Automated transport technology is developing rapidly for all transport modes, with huge safety potential. The transition to full automation, however, brings new risks, such as mode confusion, overreliance, reduced situational awareness and misuse. The driving task changes to a more supervisory role, reducing the task load and potentially leading to degraded human performance. Similarly, the automated system may not (yet) function in all situations.
The MEDIATOR project aimed to develop an in-vehicle system, the Mediator system, that intelligently assesses the strengths and weaknesses of both the driver and the automation and mediates between them, while also taking into account the driving context. It assists the timely take-over between driver and automation and vice versa, based on who is fittest to drive. This Mediator system optimises the safety potential of vehicle automation during the transition to full (level 5) automation. It would reduce risks, such as those caused by driver fatigue or inattention, or on the automation side by imperfect automated driving technology. MEDIATOR has facilitated market exploitation by actively involving the automotive industry during the development process.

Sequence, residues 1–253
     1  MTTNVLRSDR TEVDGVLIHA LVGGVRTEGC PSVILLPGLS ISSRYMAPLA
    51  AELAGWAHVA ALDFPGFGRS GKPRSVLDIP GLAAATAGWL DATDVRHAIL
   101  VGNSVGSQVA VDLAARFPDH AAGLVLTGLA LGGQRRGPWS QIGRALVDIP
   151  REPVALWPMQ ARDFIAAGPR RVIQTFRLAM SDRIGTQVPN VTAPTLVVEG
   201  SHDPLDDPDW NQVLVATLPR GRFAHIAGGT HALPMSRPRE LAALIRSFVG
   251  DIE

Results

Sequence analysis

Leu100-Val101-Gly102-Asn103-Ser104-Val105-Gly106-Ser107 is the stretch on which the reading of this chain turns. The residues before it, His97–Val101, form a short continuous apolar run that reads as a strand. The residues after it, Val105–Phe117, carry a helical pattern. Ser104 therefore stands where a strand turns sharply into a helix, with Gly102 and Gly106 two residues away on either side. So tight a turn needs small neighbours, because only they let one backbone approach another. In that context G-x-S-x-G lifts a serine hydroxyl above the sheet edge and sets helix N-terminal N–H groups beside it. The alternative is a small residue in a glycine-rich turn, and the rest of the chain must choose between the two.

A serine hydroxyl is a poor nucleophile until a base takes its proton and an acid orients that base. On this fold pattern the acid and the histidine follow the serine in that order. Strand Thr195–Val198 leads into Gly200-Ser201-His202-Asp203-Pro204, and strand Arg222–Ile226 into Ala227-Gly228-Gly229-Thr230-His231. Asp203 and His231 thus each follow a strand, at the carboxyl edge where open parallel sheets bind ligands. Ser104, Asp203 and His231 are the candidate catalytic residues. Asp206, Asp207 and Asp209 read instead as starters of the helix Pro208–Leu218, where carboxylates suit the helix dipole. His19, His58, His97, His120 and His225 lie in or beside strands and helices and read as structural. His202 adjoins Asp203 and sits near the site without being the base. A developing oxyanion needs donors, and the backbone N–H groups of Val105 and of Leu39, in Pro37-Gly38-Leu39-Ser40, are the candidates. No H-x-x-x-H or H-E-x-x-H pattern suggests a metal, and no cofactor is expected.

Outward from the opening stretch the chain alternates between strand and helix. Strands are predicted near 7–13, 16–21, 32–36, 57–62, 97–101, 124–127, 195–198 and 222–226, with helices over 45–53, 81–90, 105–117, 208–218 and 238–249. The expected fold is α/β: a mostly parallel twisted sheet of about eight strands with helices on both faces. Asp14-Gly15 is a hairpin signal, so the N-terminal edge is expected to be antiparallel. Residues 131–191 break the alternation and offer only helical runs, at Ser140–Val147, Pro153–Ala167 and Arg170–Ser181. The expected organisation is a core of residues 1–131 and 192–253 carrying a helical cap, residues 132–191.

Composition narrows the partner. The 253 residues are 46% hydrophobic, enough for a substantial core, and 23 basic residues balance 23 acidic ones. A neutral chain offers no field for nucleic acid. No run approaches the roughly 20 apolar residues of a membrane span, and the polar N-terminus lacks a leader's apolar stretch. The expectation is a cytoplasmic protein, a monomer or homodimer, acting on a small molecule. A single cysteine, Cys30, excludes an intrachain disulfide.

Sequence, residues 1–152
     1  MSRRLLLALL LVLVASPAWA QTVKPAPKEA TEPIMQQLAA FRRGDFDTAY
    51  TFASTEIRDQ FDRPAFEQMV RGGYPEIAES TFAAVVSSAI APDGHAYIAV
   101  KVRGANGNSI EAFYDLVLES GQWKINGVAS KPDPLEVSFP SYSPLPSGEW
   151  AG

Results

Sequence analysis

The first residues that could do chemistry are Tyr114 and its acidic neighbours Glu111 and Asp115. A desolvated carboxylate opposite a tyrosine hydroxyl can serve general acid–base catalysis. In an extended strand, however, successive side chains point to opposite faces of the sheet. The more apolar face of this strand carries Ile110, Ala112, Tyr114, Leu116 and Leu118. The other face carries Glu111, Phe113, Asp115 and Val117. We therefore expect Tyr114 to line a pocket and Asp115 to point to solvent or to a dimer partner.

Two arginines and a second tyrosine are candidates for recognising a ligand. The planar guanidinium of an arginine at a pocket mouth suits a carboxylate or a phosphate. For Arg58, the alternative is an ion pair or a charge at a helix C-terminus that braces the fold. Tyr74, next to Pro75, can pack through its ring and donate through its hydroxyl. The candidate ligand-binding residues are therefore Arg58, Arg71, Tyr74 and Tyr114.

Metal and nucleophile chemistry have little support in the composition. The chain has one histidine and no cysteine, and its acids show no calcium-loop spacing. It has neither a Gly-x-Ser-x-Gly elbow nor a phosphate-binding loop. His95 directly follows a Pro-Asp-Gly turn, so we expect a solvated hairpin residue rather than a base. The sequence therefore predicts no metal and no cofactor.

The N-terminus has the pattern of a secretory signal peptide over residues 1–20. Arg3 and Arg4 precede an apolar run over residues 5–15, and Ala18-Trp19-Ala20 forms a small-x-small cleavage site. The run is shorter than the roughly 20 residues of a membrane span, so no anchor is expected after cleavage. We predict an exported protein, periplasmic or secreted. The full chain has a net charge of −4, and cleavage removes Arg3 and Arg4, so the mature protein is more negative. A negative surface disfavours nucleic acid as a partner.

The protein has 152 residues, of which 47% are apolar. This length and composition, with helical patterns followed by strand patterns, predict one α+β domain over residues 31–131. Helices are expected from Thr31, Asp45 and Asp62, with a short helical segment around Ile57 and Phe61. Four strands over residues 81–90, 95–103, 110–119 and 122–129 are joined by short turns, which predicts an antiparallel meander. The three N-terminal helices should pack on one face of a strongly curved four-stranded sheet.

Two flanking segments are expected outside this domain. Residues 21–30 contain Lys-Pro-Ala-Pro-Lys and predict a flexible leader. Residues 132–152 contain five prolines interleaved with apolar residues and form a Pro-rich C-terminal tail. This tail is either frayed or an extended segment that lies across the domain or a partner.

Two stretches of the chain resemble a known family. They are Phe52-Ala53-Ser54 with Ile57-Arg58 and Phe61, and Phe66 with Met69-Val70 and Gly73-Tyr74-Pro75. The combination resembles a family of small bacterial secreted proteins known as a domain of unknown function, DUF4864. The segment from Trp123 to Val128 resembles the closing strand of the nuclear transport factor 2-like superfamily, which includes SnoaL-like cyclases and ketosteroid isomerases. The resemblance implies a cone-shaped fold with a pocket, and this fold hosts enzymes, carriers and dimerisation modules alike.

To accomplish the development of this support system MEDIATOR integrated and enhanced existing knowledge of human factors and HMI, taking advantage of the expertise in other transport modes (aviation, rail and maritime). It further developed and adapted available technologies for real-time data collection, storage and analysis and incorporated the latest artificial intelligence techniques. MEDIATOR has developed working prototypes, and validated the system in a number of studies, including computer simulation, virtual reality, driving simulator and on-road studies.
With MEDIATOR we further paved the way towards safe and reliable future vehicle automation that takes into account who is most fit to drive: the human or the system.
MEDIATOR has received funding from the European Union’s Horizon 2020 research and innovation programme under grant agreement No 814735.